Toad patrolling

Bill Shaw – Ecology and Conservation Land Management Adviser

For us ‘herp enthusiasts’ (people who love amphibians and reptiles) this is a very exciting time of year. After 5 months of twiddling our thumbs, when all 13 of our native ‘herp’ species are hibernating, there is now a big build-up in the amount of activity as they are all frantic to breed!

In the amphibian world frogs hibernate under the mud at the bottom of ponds, absorbing sufficient oxygen through their skin to survive. They are the first to wake up and start spawning, generally in February. They are described as being explosive breeders as they cause quite a commotion in their breeding ponds for a week or two, with many croaking males visible at the surface.

Then it all goes quiet.

Well, at least until the common toads get going!

These endearing creatures (personal opinion) hibernate on land and then in March they move en masse to their breeding ponds, which is often the one they were born in. If there is a road to cross on the way there is the obvious potential for a lot of squashed toads, and this is where the organisation Froglife have stepped in to co-ordinate a national scheme of Toad Patrols. Last year it’s estimated that they helped nearly 81,000 toads to safely reach their home ponds.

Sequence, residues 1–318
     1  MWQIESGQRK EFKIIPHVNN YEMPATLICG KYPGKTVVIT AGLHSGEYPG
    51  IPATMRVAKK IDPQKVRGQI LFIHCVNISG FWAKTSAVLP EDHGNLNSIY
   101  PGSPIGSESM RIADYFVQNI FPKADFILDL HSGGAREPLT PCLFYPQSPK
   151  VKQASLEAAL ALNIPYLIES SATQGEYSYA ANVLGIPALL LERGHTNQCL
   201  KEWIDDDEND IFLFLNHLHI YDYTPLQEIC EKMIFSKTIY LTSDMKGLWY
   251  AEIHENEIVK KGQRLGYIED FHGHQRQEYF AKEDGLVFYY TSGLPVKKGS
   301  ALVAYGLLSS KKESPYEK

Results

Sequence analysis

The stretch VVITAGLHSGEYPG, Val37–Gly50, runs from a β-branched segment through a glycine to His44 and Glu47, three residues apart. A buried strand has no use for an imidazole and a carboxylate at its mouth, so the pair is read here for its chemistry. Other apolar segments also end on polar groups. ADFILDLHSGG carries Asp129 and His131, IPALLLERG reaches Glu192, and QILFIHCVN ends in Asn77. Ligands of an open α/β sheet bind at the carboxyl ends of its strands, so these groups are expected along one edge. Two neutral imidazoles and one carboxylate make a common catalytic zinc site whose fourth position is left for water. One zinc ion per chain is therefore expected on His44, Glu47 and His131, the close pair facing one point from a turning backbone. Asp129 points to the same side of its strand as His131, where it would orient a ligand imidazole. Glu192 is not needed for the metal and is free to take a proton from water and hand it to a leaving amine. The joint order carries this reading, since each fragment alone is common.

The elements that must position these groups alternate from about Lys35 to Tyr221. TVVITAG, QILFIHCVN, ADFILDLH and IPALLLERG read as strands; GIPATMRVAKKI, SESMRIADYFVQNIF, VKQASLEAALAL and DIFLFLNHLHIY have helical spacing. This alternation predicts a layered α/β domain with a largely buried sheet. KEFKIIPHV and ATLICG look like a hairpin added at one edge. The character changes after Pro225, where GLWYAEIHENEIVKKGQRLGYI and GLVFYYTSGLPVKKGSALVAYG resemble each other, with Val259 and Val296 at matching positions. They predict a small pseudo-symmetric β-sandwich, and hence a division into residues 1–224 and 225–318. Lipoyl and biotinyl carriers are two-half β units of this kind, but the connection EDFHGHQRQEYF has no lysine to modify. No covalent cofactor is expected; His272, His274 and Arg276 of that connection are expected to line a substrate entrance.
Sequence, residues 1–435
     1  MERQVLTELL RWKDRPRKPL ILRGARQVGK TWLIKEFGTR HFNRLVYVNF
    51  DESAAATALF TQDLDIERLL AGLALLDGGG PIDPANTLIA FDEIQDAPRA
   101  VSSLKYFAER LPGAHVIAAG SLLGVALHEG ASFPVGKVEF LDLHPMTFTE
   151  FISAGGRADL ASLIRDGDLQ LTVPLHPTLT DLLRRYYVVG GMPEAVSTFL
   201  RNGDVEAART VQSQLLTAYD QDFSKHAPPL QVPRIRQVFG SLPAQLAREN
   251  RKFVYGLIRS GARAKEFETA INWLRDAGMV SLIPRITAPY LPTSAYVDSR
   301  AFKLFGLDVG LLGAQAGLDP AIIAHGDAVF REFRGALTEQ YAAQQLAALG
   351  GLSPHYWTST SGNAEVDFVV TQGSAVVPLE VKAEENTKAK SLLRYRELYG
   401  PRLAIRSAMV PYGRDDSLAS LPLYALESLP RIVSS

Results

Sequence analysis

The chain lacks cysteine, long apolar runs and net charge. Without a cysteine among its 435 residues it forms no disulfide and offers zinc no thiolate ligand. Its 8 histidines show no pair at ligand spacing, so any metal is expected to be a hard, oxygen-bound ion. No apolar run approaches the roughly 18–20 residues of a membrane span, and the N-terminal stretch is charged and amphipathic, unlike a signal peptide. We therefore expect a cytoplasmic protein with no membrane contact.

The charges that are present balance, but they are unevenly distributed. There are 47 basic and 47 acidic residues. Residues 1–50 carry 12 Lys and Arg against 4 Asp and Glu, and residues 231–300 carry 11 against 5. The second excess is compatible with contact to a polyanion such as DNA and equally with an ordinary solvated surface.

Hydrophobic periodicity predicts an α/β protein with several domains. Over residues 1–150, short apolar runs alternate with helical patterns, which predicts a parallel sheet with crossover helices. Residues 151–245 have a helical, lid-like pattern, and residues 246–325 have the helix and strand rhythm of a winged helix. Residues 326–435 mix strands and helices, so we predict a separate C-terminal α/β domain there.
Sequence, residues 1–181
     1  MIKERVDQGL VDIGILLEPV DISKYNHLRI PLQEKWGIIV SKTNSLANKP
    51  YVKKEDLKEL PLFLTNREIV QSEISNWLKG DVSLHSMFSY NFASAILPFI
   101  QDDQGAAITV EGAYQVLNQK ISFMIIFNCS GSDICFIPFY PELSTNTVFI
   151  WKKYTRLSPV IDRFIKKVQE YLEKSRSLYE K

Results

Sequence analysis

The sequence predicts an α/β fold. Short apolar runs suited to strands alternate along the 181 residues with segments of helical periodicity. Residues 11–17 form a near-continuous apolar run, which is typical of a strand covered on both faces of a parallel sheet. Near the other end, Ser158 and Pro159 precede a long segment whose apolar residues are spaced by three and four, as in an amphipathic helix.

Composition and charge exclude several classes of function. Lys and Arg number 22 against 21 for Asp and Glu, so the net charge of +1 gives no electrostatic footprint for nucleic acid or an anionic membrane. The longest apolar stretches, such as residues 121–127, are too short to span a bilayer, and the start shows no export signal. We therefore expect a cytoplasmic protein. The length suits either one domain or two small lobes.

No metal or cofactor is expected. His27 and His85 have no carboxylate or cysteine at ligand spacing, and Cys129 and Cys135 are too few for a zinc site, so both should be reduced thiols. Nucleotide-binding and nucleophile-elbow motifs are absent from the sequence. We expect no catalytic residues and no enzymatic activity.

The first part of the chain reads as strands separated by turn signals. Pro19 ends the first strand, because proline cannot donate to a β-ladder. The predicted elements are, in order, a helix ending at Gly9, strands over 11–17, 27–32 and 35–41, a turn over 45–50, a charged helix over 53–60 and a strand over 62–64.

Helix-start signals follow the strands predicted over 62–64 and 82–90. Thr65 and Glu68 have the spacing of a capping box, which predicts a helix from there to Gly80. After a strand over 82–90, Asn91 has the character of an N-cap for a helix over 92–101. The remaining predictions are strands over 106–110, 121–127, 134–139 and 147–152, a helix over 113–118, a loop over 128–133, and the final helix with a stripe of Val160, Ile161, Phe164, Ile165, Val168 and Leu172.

One such patrol site is near Osmotherley, on the western edge of the National Park. I went up there a couple of weeks back to help out and what a satisfying thing it is to do. All you need is a bucket, a torch and a high-vis jacket and away you go, walking up and down the road in the dark, putting the toads in the bucket and taking them to the pond. The thing I really liked about it is the direct connection with nature. Just think about it – how often do you actually get to pick up any wild animal.About to set off across the road (female toad with male on its back)Setting off across the dark dangerous tarmacSafely arrived